By: MOLLY WICKER
As a young man coming of age during the time of the Civil War, Ralph Waldo Emerson saw firsthand the consequences and destruction of slavery. Emerson was a passionate opponent of slavery and his thoughts on the subject are scattered throughout his essays, speeches, and collected works.
Emerson was born on May 25, 1803, in Boston, Massachusetts, where he would return later in life to share his abolitionist beliefs. His father was a minister, and, like many of his ancestors, Emerson also followed a path into ministry. He attended the Boston Latin School and then went on to Harvard University, from which he graduated in 1821. He became a licensed minister in 1826 through the Harvard Divinity School and was ordained to the Unitarian church in 1829. He married Ellen Tucker in 1829, but the marriage was cut short when Tucker died of tuberculosis in 1831. Stricken with grief and struggling with a crisis of faith, Emerson abandoned his post in ministry and traveled to Europe.
While abroad, he had the chance to meet with several well-known literary figures of the time, including Thomas Carlyle, Samuel Taylor Coleridge, and William Wordsworth, all of whom inspired much of the style and thematic content of Emerson’s most popular writing. When he returned to the United States in 1833, he began to lecture on spiritual experience and ethical living. He moved to Concord, Massachusetts in 1834 and re-married in 1835.
Emerson became the central figure of a literary and philosophical group, now known as the American Transcendentalists. These writers shared a common belief that individuals could move beyond the physical world into a deeper spiritual experience through free will and intuition. Transcendentalists believed that God could be seen and known by looking into their own souls and connecting with nature.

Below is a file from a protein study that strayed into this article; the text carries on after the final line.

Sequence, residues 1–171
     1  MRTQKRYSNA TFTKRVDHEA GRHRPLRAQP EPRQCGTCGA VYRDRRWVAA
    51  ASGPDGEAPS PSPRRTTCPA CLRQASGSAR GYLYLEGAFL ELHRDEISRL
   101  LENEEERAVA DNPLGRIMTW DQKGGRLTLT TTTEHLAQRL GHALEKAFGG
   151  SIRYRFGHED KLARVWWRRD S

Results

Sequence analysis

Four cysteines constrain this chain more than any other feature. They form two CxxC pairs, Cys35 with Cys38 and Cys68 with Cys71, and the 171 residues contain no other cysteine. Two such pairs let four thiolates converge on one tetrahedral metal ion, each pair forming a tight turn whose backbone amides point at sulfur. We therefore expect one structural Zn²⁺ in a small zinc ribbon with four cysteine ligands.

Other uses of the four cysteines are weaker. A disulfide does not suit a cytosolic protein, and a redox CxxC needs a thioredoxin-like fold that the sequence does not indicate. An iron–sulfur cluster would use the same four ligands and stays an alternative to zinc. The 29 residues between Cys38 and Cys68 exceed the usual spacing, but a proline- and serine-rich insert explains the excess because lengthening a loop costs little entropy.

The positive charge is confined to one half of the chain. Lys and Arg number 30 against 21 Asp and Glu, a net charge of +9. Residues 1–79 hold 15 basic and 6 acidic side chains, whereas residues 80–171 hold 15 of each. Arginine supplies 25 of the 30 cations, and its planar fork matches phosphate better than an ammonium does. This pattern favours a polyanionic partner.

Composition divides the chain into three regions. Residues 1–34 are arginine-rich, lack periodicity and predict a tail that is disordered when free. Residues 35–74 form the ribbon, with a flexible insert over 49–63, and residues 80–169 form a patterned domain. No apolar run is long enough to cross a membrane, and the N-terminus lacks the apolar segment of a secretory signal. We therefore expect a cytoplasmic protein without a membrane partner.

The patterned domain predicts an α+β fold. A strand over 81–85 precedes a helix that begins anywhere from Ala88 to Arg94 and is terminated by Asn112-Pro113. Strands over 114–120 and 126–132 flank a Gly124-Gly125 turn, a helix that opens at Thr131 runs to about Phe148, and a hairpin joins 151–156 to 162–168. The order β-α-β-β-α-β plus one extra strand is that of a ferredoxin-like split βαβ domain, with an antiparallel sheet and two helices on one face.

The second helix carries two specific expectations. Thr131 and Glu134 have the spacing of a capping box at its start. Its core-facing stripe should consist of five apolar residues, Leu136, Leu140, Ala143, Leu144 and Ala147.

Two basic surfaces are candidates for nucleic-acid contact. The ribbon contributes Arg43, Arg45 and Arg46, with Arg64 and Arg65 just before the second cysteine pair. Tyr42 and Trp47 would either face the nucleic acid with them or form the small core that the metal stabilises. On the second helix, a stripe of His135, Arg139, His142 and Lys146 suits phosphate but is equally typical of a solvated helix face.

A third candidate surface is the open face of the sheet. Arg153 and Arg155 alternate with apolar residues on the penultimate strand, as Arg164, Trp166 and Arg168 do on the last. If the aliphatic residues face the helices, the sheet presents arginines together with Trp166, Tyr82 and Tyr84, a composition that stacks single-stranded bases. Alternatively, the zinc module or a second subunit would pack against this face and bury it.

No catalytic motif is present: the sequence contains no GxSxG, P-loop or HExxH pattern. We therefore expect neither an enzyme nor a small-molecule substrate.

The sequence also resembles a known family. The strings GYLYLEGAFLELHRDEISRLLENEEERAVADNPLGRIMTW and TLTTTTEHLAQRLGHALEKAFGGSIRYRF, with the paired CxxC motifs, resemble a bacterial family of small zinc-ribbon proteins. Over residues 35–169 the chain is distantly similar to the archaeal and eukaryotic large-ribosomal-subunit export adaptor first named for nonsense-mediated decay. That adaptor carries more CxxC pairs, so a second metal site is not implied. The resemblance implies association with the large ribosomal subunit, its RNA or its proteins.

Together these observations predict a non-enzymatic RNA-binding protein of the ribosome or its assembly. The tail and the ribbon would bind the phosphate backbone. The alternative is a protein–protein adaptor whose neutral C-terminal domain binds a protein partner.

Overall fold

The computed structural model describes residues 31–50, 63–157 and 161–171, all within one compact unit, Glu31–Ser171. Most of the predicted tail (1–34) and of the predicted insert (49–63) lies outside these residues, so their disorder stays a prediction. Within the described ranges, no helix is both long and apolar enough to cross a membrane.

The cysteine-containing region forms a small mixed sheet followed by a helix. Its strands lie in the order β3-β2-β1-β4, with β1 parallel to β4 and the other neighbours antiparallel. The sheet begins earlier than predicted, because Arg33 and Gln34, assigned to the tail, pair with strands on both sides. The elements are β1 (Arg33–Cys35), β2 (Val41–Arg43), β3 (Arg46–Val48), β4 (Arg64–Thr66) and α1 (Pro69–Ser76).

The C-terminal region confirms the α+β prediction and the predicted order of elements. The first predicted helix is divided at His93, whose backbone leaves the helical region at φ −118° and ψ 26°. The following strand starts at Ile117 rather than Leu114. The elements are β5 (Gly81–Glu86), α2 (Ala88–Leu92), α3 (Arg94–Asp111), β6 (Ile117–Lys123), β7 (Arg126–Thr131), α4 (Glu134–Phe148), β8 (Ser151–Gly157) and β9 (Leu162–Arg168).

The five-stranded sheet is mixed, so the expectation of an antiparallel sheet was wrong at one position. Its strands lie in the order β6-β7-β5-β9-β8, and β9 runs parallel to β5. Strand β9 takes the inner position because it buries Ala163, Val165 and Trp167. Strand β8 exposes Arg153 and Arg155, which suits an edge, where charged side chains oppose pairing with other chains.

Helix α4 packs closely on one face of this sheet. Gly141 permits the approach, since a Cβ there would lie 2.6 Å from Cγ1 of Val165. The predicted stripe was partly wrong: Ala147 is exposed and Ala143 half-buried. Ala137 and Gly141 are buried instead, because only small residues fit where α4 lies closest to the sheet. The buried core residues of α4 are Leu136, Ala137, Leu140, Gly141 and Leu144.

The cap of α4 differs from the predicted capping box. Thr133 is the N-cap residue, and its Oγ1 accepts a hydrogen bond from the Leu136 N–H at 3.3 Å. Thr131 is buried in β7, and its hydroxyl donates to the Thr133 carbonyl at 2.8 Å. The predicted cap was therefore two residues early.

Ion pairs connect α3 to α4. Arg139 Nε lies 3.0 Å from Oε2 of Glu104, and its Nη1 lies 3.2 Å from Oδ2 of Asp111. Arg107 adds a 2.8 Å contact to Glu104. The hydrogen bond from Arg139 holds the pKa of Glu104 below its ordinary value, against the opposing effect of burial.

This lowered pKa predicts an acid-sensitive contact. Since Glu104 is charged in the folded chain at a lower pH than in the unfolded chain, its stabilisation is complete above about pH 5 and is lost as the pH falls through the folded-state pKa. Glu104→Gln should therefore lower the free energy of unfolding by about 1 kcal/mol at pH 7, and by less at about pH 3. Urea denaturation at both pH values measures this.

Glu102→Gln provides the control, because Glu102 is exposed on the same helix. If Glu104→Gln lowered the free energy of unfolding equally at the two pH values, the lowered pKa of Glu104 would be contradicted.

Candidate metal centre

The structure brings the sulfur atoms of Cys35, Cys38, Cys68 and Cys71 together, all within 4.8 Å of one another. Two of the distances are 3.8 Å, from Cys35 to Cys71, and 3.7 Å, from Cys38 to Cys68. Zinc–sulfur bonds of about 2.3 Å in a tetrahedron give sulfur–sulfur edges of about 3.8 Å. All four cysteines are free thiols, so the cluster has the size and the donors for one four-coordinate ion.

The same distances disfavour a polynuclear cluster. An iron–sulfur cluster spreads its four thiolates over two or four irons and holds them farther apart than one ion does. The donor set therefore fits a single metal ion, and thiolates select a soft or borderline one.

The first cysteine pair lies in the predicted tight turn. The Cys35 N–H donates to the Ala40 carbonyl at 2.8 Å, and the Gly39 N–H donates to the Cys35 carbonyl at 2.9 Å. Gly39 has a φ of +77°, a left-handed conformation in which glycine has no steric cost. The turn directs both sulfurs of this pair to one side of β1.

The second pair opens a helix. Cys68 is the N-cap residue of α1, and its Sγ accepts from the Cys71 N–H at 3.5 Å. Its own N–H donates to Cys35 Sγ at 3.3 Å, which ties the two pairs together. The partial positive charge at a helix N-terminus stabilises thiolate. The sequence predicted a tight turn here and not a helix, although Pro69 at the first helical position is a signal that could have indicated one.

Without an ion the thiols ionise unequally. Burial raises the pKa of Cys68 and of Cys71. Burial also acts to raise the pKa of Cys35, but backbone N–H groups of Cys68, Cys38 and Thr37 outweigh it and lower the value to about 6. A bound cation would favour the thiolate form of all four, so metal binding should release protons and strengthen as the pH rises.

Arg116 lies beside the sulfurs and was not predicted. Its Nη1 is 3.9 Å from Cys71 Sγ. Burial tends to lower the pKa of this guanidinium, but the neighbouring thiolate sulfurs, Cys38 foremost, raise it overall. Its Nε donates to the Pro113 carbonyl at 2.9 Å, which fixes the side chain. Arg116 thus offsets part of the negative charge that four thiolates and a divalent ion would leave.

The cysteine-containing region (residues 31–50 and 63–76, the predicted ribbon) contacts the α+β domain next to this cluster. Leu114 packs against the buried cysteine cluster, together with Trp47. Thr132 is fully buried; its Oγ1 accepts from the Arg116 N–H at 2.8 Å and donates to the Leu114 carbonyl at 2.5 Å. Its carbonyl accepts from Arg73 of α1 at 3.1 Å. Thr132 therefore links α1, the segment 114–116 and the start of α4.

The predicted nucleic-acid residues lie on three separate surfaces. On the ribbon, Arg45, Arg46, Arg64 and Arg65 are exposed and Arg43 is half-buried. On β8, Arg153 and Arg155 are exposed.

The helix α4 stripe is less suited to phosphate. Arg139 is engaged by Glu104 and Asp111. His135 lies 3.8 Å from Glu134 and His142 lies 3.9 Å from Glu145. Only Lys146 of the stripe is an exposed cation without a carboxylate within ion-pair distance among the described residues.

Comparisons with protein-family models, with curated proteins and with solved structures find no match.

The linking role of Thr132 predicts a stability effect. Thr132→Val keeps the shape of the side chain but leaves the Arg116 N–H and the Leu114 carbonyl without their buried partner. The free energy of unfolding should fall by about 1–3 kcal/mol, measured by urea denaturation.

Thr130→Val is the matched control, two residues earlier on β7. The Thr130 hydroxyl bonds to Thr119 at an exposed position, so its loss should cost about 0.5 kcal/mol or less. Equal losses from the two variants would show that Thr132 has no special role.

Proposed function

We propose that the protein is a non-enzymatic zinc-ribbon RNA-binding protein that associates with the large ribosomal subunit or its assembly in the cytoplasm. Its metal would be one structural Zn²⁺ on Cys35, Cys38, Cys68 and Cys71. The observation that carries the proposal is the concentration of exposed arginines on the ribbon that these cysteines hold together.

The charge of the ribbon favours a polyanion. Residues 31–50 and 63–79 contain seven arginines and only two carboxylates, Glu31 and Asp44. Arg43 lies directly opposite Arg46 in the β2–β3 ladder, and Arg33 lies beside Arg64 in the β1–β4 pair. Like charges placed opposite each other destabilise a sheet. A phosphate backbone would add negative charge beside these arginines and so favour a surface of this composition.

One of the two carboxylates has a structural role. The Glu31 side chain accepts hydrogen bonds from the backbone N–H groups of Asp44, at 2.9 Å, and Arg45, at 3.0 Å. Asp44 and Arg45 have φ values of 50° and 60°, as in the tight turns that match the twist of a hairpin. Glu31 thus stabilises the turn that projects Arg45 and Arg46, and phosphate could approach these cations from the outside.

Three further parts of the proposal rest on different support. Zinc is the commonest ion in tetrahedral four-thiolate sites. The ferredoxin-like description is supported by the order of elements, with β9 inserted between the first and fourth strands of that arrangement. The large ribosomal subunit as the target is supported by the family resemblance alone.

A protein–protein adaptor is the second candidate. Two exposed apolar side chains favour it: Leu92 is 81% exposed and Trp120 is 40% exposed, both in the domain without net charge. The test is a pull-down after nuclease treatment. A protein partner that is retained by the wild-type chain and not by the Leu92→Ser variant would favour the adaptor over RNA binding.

Although his role as an abolitionist came later in life, Emerson’s passion on topic shines through his writing. He had visited slave-holding territories when he traveled to the South in 1826 and encountered first-hand the shocking treatment of countless human beings. In 1856, after hearing the violent account of Massachusetts Senator Charles Sumner being assaulted due to his anti-slavery efforts, Emerson and others gathered in Concord to discuss the situation. Emerson was uncompromising on the issue. In his speech, he stated:
“I think we must get rid of slavery, or we must get rid of freedom.”
For nearly 40 years, Ralph Waldo Emerson struggled with the problem of slavery. His unqualified demand for emancipation inspired other literary and philosophical thinkers of the time period to join together in a call for complete freedom. Through word and action, Emerson served as an outspoken advocate for the marginalized, the weak, and the voice-less.